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B-Gl-385-017 81 mm Mortar

B-Gl-385-017 81 mm Mortar

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Published by: cbtdoc2002 on Dec 20, 2008
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05/09/2014

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INSTRUCTOR'S NOTES

1.

Aim. To teach the points described below:

a.

aiming points;

b.

auxiliary aiming points; and

c.

aiming.

2.

Time Required. Two 40-minutes periods.

3.

Method. Explanation and demonstration.

4.

Stores. The following stores and equipment are required:

a.

one mortar, a sight unit and baseplate flag per
detachment;

b.

an overhead projector with a PowerPoint equipped
computer; and

c.

a chalkboard.

5.

Preparation. Prior to the start of the first period:

a.

prepare the PowerPoint presentation and
chalkboard for the first period which will include
theory, selection of aiming points and method of
laying and aiming;

b.

for the outdoor period, the mortars should be
mounted and aiming points established; and

c.

the instructor will carry out safety precautions.

81 mm Mortar

98

B-GL-385-017/PT-001

CONDUCT OF THE LESSON

6.

Review. Name the parts of the sight unit C2A1.

7.

Introduction. The mortar is an indirect fire weapon;
therefore, the target is not normally seen from the mortar position.
Accurate fire can only be brought to bear through the use of an aiming
point and through the ability of the No. 1 to lay a correct aim on that
aiming point.

8.

Aiming Points. Explain and demonstrate, the following

three types of aiming points:

a.

Distant Aiming Point (DAP). When speed is
essential a DAP should be used. Light conditions
permitting, it should be a clearly defined, easily
recognised object at a minimum distance of
1000 metres from the mortar position, for example, a
corner of a building, a tree, a telephone pole, a
clearly defined hilltop, etc. It should be at a right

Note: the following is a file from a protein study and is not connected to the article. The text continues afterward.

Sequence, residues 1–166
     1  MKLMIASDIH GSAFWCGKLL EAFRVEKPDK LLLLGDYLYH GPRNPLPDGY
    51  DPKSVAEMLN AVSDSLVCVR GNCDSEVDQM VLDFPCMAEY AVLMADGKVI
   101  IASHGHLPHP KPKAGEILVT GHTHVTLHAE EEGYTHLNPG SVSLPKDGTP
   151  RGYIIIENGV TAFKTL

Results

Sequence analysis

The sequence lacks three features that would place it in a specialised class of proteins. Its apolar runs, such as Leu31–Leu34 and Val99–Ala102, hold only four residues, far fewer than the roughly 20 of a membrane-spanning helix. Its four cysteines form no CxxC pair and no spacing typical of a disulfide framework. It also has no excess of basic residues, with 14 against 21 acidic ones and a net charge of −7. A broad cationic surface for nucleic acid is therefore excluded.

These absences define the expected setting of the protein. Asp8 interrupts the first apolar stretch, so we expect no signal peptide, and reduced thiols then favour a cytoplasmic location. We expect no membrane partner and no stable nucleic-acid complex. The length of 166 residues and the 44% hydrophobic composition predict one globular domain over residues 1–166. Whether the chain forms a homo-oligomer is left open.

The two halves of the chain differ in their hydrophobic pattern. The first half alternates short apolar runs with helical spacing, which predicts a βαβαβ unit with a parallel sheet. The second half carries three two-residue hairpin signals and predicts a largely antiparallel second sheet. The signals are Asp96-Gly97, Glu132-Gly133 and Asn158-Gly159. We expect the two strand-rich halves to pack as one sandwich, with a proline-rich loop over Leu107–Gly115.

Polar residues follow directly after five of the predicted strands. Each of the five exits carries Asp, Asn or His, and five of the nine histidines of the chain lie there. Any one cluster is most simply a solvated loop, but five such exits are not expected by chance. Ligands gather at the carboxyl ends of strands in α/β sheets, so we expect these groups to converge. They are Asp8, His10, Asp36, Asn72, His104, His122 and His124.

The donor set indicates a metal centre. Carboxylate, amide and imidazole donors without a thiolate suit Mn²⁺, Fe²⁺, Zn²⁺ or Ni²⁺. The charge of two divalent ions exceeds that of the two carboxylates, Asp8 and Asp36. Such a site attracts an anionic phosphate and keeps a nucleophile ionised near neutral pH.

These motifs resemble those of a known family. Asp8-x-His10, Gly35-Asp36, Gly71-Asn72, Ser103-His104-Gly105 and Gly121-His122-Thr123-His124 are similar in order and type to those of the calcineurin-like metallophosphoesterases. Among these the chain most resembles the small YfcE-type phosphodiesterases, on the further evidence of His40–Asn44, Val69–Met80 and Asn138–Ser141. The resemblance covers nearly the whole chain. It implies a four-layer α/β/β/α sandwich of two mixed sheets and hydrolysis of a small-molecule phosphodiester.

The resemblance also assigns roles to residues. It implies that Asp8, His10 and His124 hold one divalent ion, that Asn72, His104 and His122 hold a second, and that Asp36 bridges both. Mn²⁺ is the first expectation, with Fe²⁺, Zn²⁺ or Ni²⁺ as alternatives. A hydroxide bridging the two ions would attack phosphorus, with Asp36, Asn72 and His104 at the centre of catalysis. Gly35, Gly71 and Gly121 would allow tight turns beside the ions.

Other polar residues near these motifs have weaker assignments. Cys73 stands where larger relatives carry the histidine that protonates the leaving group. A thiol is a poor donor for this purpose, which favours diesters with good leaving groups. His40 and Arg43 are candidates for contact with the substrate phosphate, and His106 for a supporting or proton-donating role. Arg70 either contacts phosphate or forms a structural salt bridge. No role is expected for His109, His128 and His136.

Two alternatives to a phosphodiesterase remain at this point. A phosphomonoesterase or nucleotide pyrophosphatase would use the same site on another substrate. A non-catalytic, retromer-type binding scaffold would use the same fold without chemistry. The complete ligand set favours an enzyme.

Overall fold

angle to the line of fire and to the left of the mortar
line to reduce errors in parallelism between mortars,
and to minimise the chance of a barrel obstruction.
By night a distant aiming point may be selected if
light conditions are good or if a distant light is
visible.

b.

Close Aiming Point (CAP). A CAP can be
established by either a prismatic compass or an
aiming circle. Two stakes planted in line are

NOTE

In order to obtain the record, the Group Commander will
stand in the centre of the mortar line and with his prismatic
compass shoot a bearing through the DAP. Once he has
applied the magnetic variation to that bearing he will give it
to all mortars as a record. If the situation permits, all No. 1
crew members will go to the centre of the mortar line to
receive their record and obtain a good identification of the
DAP.

Mortar Handling Drills

B-GL-385-017/PT-001

99

required, with the near stake at a minimum of
25 metres and the far stake at a minimum of
50 metres (minimum of 25 metres from each mortar)
from the mortar position, depending upon prevailing
conditions. They should be to the left front of the
mortar line to reduce the chance of a barrel
obstruction.

c.

Auxiliary Aiming Point (AAP). When a CAP or a
DAP is in use, they must be supplemented by an
auxiliary aiming point (AAP) that can be used
should a barrel obstruction or poor visibility obscure
the field of view between the telescope and the
aiming point in use. An AAP is represented by two
stakes to the left rear of the mortar and not less than
800 mils from the aiming point in use.

9.

Confirm by questions.

10.

Aiming. Because of the various types of objects that may be
used as aiming points, a very distinctive point of aim must be selected
to avoid errors in laying the mortar. Points of aim will normally be
either a vertical edge or an apex. When laying the mortar on a point of
aim, the following rules will apply:

a.

Vertical Edges. The vertical lines of the reticule
will be placed on the vertical edge (Figure 4-4).

b.

Apex. The vertical lines of the reticule will be
placed on top of the apex (Figure 4-5).

Figure 4-4: Use of Vertical Edges as Aiming Points

81 mm Mortar

100

B-GL-385-017/PT-001

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